In 2009, India enacted the Right of Children to Free and Compulsory Education Act, which provides for free and compulsory education to all children aged 6 to 14. However, the evidence presented in this report indicates that despite the 3 year deadline to implement the key provisions of the Act, it has yet to be adequately implemented.
This lack of implementation, enforcement and monitoring particularly affects children from marginalised groups, such as children with disabilities, girls, and Da lits. Children from these groups are excluded and discriminated against, affecting access, participation, retention, achievement, and completion of elementary education.
This report examines the obstacles preventing certain children from attending school and the government’s failure to take the steps necessary to address the problem.
"The Court would like to place on record that in terms of Article 27(2)(h) of the Constitution it is one of the directive principles of state policy to ensure the right to universal and equal access to education at all levels. The Court also wishes to place on record that the state should ensure that the human rights of the people living with HIV/AIDS are promoted, protected and respected and measures to be taken to eliminate discrimination against them"
The objectives of this study are to:
- understand why boys have been underperforming in education over the past few years
- analyse factors (including economic, societal, and cultural) that are causing the trend of poor performance and low survival rates at higher levels of education
- describe current policies and interventions in place to address the issue
In this case, a resident of Uttar Pradesh state challenged a notification issued by the Karnataka government that permitted private medical colleges to charge higher fees to students who were not allocated 'government seats'. The Supreme Court of India held that the charging of a ‘capitation fee’ by the private educational institutions violated the right to education, as implied from the right to life and human dignity, and the right to equal protection of the law. In the absence of an express constitutional right, the Court interpreted a right to education as a necessary condition for fulfilment of the right to life under Article 21 of the Indian Constitution. In addition, the Court held that private institutions, acting as agents of the State, have a duty to ensure equal access to, and non-discrimination the delivery of, higher education.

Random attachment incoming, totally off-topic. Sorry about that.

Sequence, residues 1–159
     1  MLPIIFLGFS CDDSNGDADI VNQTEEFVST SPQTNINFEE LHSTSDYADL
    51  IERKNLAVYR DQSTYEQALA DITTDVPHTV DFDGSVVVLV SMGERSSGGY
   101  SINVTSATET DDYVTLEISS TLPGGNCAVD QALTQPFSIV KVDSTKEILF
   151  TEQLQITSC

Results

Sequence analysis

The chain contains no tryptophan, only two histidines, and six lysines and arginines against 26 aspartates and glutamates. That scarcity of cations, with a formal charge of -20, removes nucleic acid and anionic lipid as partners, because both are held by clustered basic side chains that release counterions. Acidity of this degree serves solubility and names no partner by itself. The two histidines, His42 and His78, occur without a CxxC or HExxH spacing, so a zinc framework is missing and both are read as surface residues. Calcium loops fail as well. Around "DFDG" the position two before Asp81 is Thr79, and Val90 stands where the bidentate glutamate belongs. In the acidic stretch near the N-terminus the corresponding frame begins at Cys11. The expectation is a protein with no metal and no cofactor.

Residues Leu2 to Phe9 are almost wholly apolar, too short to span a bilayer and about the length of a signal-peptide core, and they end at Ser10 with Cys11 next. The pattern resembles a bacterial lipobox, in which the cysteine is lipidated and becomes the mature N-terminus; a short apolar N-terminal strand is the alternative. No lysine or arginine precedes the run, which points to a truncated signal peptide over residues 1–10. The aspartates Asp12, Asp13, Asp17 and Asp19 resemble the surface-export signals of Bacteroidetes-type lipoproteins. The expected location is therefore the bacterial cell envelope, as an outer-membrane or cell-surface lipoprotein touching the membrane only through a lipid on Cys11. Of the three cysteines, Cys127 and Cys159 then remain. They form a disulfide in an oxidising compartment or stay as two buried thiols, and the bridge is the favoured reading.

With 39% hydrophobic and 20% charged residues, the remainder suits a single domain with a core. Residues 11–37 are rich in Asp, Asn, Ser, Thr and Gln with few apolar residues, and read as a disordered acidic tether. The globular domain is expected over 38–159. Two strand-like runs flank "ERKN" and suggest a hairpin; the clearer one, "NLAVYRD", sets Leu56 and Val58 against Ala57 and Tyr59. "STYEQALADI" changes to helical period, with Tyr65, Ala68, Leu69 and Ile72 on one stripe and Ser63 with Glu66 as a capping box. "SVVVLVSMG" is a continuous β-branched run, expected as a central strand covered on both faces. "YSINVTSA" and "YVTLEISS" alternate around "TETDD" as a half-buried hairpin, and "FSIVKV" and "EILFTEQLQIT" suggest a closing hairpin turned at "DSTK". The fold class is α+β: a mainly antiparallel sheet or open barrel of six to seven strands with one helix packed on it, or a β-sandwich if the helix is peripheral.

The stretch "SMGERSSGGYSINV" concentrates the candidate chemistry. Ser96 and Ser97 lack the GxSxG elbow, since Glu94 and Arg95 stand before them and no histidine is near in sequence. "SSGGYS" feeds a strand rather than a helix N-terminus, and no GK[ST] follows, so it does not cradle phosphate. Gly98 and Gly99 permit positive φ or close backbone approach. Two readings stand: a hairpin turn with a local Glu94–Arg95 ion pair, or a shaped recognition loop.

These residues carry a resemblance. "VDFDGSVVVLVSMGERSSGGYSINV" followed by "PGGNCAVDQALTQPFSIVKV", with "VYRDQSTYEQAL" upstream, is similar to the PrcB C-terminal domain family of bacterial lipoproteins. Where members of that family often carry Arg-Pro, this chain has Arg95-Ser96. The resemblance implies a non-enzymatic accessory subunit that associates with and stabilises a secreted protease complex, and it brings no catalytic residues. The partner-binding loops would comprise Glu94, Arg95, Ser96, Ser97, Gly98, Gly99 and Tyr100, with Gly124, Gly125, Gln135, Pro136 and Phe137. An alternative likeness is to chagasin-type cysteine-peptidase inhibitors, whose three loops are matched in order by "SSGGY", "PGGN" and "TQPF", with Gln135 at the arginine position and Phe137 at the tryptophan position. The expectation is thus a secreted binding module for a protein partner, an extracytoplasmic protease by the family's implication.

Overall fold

In response to a petition filed by an Indian charity, the Supreme Court of India directed the governments of all States and Union Territories to ensure that all schools, whether private or state-run, provide proper toilet facilities, drinking water, sufficient classrooms and capable teaching staff. The court held that, under the Right of Children to Free and Compulsory Education Act (2009) and the Indian Constitution, central, state and local governments have an obligation to ensure that all schools, both public and private, have adequate infrastructure. Adequate infrastructure includes safe drinking water, toilet facilities for boys and girls, sufficient class rooms and the appointment of teaching and non-teaching staff.
In this decision, the Supreme Court of India upheld the constitutionality of section 12 of the Right of Children to Free and Compulsory Education Act (RTE Act), which requires all schools, both state-funded and private, to accept 25% intake of children from disadvantaged groups. However, the Court held that the RTE Act could not require private, minority schools to satisfy a 25% quota, as this would constitute a violation of the right of minority groups to establish private schools under the Indian Constitution. This case affirms that the authority of the State to fulfil its obligations under the right to education can be extended to private, non-State actors. Because the State has the authority to determine the manner in which it discharge this obligation, it can elect to impose statutory obligations on private schools so long as the requirements are in the public interest.
Children in Afghanistan – and their households may face war, displacement, migration and natural disasters in trying to access education, in addition to more common difficulties such as poverty and lack of access. This study, part of the Global Initiative on Out-of-School Children launched by the United Nations Children’s Fund (UNICEF) and the United Nations Educational, Scientific and Cultural Organization Institute for Statistics (UNESCO UIS), seeks to identify the barriers preventing children in Afghanistan from attending school, identify gaps in the current approaches to addressing these barriers and provide policy recommendations to move forward effectively. This is in line with the studies conducted elsewhere at the country and regional level for the out-of-school children initiative (OOSCI), based on existing data.